I am in Scarborough with clay soil. Planted New Dutchman’s Pipe this Spring and new leaves are shrivelling up and edges looking rusted as it is growing. The plant wasn’t looking in perfect health even when purchased, but it was the best we could find after searching for one at many nurseries. I don’t see any insects. Getting both sun and shade and enough water. Wondering what the problem is and what we can do. Would appreciate your help.
The basic requirements for successfully growing this lovely native vine are listed below.
- Full sun to partial shade location (ideally 6-8 hours of sun daily).
- Moist well drained organic rich soil with a neutral to acidic pH.
- Addition of organic material such as compost or well rotted manure is advised annually.
- Do not let soil dry out – water the soil and not the foliage so as to avoid any soil born fungal problems from water splash.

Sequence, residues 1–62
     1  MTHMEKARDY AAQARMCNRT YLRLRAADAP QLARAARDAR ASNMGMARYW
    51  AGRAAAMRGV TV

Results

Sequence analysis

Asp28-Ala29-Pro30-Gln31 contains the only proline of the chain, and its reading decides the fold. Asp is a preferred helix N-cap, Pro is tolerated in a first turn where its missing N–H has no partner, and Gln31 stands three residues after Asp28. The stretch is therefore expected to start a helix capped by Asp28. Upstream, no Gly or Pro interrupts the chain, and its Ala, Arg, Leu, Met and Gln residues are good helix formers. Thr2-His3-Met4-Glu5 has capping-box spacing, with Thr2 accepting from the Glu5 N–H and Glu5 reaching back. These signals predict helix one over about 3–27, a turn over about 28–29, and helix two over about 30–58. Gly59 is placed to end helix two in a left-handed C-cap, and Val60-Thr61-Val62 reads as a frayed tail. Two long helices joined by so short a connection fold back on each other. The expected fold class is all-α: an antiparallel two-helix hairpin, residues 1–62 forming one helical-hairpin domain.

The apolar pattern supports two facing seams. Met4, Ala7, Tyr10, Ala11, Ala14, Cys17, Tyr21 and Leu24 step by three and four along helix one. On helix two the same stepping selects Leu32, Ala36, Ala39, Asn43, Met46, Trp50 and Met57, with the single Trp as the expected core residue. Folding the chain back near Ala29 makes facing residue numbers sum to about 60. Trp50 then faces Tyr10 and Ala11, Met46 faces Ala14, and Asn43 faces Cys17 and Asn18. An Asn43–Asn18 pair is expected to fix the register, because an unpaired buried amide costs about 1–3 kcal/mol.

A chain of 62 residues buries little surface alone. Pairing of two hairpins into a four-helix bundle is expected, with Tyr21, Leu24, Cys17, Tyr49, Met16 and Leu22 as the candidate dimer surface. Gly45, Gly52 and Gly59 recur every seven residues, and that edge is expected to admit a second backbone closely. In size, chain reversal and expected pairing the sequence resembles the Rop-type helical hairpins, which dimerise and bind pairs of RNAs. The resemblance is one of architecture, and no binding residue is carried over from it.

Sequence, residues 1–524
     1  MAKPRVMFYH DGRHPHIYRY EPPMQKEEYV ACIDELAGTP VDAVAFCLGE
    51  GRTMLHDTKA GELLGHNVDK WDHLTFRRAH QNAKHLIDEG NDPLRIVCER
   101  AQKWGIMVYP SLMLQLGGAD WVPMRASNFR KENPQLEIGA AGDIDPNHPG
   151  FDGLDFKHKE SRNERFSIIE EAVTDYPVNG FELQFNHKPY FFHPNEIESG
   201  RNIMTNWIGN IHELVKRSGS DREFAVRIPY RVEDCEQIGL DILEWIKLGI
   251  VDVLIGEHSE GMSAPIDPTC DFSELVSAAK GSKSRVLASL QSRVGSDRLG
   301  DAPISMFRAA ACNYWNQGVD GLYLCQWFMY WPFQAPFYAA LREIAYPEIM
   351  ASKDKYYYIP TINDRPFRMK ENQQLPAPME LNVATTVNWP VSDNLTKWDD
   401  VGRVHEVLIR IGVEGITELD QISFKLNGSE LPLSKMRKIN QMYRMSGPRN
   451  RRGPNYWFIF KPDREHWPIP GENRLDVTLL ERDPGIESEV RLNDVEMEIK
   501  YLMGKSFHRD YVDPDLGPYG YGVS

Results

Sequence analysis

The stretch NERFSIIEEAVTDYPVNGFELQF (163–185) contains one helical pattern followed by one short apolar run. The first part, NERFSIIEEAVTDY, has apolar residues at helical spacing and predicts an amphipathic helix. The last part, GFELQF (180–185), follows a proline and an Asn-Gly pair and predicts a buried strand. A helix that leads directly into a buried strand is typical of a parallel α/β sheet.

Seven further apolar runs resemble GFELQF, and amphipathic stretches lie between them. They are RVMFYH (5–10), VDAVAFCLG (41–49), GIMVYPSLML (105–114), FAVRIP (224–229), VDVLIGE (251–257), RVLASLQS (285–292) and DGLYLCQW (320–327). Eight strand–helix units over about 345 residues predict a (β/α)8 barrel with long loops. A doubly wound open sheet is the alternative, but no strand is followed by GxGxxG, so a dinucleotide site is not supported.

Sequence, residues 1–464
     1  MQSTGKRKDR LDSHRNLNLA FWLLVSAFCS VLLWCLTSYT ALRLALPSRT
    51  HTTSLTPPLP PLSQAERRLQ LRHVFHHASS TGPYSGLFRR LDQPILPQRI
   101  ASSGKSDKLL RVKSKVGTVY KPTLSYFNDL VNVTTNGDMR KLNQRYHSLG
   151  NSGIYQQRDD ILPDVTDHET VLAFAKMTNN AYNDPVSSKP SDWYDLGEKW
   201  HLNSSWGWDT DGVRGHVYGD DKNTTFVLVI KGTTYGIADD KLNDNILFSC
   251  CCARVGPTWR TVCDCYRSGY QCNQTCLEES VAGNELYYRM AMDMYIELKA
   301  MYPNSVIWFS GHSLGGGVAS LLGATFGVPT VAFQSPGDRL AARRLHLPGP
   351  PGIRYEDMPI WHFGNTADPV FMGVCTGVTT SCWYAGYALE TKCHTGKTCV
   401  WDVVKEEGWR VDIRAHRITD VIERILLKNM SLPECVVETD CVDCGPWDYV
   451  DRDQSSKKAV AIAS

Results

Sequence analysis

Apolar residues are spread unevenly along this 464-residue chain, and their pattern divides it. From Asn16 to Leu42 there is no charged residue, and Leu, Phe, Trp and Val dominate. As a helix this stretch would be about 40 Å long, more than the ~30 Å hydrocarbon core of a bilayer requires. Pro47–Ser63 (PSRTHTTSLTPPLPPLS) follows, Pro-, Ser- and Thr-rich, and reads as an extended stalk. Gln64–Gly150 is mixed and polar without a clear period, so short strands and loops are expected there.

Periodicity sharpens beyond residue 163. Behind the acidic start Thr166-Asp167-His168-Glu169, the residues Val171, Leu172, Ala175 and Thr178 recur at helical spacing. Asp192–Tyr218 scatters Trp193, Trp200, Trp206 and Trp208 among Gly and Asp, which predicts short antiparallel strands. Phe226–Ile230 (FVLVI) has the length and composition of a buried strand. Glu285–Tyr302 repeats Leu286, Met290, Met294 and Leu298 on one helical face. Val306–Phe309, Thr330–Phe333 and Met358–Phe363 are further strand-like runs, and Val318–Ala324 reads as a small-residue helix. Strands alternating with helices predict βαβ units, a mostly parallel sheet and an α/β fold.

This plant is hardy and relatively easy care with no major disease or pest issues. The Pipe Vine Swallowtail butterfly will use the plant to lay her eggs on and also during the larval stage of development with caterpillars eating the leaves but as this is a fairly rare insect in these parts, I think this is a long shot.
The only issue I see with your situation is that you are dealing with clay soil that does not drain water away quickly as clay particles tend to clump together. Your vine may be getting waterlogged with the roots becoming over saturated, especially with all the rain we’ve had recently. I would suggest you dig in as much organic matter (see above) as possible to the base of the vine and then topdress annually.
Hope this helps.
July 31, 2021